Ethical Issues Encountered by Red Bull
Red Bull has successfully implemented marketing strategies to appeal to their target market, mainly young consumers, throughout the world. This product is popular globably, and is sold in bars, night clubs and supermarkets. Red Bull may claim to “give you wings” but drinking too much of the popular energy drink may also lead to heart damage, as study suggests. Red Bull has repeatidly denied that their product is not dangerous and hazardous to the body. In a statement, it said that Red Bull had been proved safe by “numerous scientific studies”, and that it had never been banned from anywhere it had been introduced.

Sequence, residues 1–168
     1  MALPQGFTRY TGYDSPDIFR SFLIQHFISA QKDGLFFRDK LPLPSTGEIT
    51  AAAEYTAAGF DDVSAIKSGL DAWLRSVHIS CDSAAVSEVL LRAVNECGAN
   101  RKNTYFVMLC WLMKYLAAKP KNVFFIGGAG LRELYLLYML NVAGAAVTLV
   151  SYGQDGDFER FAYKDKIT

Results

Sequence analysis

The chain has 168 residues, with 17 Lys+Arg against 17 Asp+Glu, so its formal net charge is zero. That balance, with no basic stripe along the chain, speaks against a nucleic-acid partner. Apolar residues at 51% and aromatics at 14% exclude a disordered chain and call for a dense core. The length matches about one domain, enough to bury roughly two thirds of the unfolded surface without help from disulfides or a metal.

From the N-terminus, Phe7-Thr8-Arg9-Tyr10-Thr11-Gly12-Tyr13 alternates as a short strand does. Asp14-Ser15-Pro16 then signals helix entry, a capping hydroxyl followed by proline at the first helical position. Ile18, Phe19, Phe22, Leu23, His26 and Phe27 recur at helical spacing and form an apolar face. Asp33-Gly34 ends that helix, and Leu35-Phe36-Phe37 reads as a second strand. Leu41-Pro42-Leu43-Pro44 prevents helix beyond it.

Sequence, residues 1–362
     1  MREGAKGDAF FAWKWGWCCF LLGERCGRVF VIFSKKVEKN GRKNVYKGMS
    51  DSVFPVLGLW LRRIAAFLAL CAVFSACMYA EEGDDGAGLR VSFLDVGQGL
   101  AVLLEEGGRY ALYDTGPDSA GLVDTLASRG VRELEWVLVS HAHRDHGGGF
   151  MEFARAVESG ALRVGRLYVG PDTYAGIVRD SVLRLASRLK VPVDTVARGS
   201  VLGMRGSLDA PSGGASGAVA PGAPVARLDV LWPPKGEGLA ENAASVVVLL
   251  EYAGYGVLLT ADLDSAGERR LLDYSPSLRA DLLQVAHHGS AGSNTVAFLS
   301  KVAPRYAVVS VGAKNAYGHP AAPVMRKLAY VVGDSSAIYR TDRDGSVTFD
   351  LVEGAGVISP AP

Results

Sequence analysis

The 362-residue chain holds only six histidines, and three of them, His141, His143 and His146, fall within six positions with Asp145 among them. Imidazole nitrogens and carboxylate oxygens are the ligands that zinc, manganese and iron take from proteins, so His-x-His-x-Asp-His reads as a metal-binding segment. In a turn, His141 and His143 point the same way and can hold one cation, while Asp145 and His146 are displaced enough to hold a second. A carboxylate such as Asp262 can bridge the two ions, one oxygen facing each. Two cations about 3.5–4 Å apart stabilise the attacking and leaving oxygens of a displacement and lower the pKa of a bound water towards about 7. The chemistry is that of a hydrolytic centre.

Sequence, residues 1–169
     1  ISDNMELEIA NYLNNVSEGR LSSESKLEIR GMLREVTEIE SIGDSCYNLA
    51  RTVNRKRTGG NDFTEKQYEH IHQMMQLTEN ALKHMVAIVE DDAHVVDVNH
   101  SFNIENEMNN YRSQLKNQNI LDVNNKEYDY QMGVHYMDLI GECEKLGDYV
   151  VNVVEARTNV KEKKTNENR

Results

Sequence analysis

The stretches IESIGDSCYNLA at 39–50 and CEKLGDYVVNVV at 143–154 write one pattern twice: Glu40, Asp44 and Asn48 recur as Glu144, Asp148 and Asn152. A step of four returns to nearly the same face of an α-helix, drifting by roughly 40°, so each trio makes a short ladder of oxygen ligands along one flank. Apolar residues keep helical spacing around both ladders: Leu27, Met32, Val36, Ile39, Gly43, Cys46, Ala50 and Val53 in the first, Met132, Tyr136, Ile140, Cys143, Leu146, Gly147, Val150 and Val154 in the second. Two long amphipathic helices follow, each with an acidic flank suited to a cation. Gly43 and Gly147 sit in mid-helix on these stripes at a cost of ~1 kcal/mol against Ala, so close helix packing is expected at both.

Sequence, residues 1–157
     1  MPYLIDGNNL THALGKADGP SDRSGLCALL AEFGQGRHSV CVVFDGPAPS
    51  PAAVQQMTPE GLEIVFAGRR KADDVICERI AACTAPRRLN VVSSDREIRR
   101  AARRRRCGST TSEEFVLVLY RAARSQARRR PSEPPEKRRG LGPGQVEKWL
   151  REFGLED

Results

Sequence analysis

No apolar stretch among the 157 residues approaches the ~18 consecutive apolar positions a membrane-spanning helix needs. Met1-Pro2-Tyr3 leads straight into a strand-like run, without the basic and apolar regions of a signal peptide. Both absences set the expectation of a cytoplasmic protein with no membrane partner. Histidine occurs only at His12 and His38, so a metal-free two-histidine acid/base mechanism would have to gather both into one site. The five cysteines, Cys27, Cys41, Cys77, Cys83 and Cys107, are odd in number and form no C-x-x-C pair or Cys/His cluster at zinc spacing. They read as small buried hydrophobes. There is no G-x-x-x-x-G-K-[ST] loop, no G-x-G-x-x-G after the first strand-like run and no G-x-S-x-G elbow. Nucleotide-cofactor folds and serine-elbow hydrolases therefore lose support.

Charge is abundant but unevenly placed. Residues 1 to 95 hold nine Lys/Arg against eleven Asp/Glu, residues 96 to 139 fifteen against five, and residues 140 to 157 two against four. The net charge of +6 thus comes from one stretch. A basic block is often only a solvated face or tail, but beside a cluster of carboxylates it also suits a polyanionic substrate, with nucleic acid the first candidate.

There has been much controversy surrounding its consumption which had resulted in its ban in many countries, namely Norway, Denmark and Uruguay because of their health fears. In Sweden, the drink could only be sold in pharmacies as the product was considered a medicine and therefore classified as a drug. Sweden’s National Food Administration adopted this policy following the incident of a young woman who had consumed the product with alcohol and suffered from dehydration resulting in death. Greek health officials issued a warning to avoid mixing Red Bull with alcohol as a death was linked in Hong Kong, where a British man mixed it with vodka and had later died. Linda Rychter, a spokeswoman for Red Bull in Australia, said that the report would be assessed by the company’s head office in Austria. She also said, and I quote, “The study does not show effects which would go beyond that of drinking a cup of coffee. Therefore, the reported results were to be expected and lie within the normal physiological range,” she added. She also responded by asserting that, and I quote “the company does not promote mixing the product with alcohol.” Austria is among the few countries where warning labels on the product exist. Labels on cans require the health warning, “this drink is not recommended for children, pregnant women...
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